Tuesday, 27 September 2016

Hiding Out in the English Countryside: Geoffrey Household & Samuel Palmer

David Rooney, illustration for 'Rogue Male' by Geoffrey Household, Folio Soc, 2013
Whenever I investigate an artist described as Neo-Romantic I discover that they either a. disliked the term or b. vehemently rejected it. Was there anyone who actually wanted to be thought of as Neo-Romantic, in the way that artists queued up to be labelled Surrealist? I'm not sure it's a very helpful term either, except as a description of a certain mood. You know a Neo-Romantic painting when you see one.

I have a book called 'This Enchanted Isle'. The author, Peter Woodcock, was apparently taught by Bawden and himself taught for many years at Camberwell. Aside from that I know nothing about him, but I love this book. It is everything an art history book is not supposed to be. You might call it anti-academic in its joyous mixing-up of artists, writers and film makers spanning two centuries.

'This Enchanted Isle', Peter Woodcock, Gothic Image Pub. 2000
When I first got it out of the library I baulked at the subtitle: 'The Neo-Romantic Vision from William Blake to the New Visionaries'. The new what? And then the list of names, from Palmer and Nash to Keigh Vaughan and John Craxton. So far it made sense. Blake, Palmer, then the 'Neo-Romantics'. But what about Elizabeth Bowen, Peter Ackroyd... Iain Sinclair? Powell and Pressburger, David Lean, Derek Jarman?

Instead of reading it as one would an art history book, looking for analysis and explanation and a clearer sense of how x fits with y, I dipped into it before going to sleep, reading a chapter here and a paragraph there. Gradually I realised that this wasn't a conventional book with a thesis but one built around mood, feeling and suggestion. The author had evidently spent years reading, watching and studying the various writers and artists, and wanted to share both his enthusiasm and his sense of a connection between disparate creative minds.

Graham Sutherland, Entrance to a Lane, 1939 (Tate)
One writer who was new to me was Geoffrey Household, and having read about him I rushed out to find his best-known book, 'Rogue Male'. Ostensibly a thriller about a man on the run from more or less everybody, it is evidently the work of a strange mind. The protagonist spends much of the novel hiding in a sort of burrow, in the side of an impenetrable holloway not far from Beaminster, and this experience is vividly described. On one level it reminds me of childhood den-building and grubbing about in ditches.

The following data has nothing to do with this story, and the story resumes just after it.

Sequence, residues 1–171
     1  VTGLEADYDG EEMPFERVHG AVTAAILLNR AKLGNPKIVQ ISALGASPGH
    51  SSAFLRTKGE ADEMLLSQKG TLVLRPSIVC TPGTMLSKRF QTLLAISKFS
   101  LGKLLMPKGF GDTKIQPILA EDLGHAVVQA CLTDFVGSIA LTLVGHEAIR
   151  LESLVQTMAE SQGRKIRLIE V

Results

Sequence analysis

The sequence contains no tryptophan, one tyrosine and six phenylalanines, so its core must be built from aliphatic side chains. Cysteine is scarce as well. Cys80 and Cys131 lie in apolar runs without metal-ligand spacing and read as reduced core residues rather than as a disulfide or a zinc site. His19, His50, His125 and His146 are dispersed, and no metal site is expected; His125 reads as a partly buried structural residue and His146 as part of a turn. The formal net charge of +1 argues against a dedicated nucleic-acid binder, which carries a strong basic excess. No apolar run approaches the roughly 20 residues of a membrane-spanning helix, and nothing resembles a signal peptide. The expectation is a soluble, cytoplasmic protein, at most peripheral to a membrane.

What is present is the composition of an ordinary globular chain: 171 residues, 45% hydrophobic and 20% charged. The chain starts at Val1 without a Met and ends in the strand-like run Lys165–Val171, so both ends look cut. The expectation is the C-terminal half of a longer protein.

John Craxton, Poet in Landscape, 1941
But the thorny lane and earthy hollow are also Neo-Romantic motifs. At least they are subjects explored by Graham Sutherland and then by younger artists who were influenced by him. Sutherland in turn was the most ardent of Samuel Palmer's many early 20th century admirers. And when Palmer set to work in the 1820s portraying the Kent countryside in ink and paint and gum arabic he did so in a manner reminiscent of  Blake, cramming trees, churches, cornfields and shepherds into dense compositions, as his hero distorted human figures to fill the page.
William Blake, illustration from 'The First Book of Urizen', 1794
When I was reading 'Rogue Male' I thought about the late Tom Lubbock's description of Palmer's dense, dark ink drawings known as 'blacks':

'These pent twilit views lie snugly within their frames, with framing trees at the sides. Hills hump up at the back, the clouds close in , in the middle more trees gather into a mass, and underneath the sleeping sheep are folded into a mound, the fields of sheaves likewise. Everything is enfolded, cradled, tucked up and oystered...' (English Graphic, p141)

Samuel Palmer, Drawing for the Bright Cloud, c1831-2 (British Museum)
Later on in the same essay he describes the earnest viewers of a Palmer show (presumably the British Museum's brilliant 2005 retrospective) and asks himself, 'Are we a bunch of enclosure-seekers, hobbit-minded back-to-the-wombers? Is this bad?'

Is the urge to bury oneself in the countryside a primal human instinct, a reaction to stress or the prospect of change? Or is it a British - even English - peculiarity? I have no idea, but I'm glad Peter Woodcock wrote his book, and that he found a publisher that shared his enthusiasm.

1 comment:

  1. Yes, Peter's book is a breath of strange and exciting air, as was his teaching.A lot of his students had their eyes opened to a particular British sensibility back in the late sixities and seventies when he was teaching when I knew him.I too am glad that he managed to have this book published as it is a testiment to an alternitive British art history and a glimps into an extrordinary mind.